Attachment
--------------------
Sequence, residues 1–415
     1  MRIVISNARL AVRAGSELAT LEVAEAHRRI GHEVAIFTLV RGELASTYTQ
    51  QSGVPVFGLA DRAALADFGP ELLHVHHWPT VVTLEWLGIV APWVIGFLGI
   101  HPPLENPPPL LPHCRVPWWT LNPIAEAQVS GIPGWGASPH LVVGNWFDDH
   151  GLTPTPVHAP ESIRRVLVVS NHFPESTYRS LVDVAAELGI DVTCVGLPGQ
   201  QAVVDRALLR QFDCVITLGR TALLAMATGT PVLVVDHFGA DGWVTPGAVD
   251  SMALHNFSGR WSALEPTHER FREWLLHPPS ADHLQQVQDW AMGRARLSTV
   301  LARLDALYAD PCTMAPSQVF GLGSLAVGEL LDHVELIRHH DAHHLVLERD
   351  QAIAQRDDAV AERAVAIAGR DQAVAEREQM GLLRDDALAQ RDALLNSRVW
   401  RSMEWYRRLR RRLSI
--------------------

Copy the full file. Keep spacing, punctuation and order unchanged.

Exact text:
Sequence, residues 1–415
     1  MRIVISNARL AVRAGSELAT LEVAEAHRRI GHEVAIFTLV RGELASTYTQ
    51  QSGVPVFGLA DRAALADFGP ELLHVHHWPT VVTLEWLGIV APWVIGFLGI
   101  HPPLENPPPL LPHCRVPWWT LNPIAEAQVS GIPGWGASPH LVVGNWFDDH
   151  GLTPTPVHAP ESIRRVLVVS NHFPESTYRS LVDVAAELGI DVTCVGLPGQ
   201  QAVVDRALLR QFDCVITLGR TALLAMATGT PVLVVDHFGA DGWVTPGAVD
   251  SMALHNFSGR WSALEPTHER FREWLLHPPS ADHLQQVQDW AMGRARLSTV
   301  LARLDALYAD PCTMAPSQVF GLGSLAVGEL LDHVELIRHH DAHHLVLERD
   351  QAIAQRDDAV AERAVAIAGR DQAVAEREQM GLLRDDALAQ RDALLNSRVW
   401  RSMEWYRRLR RRLSI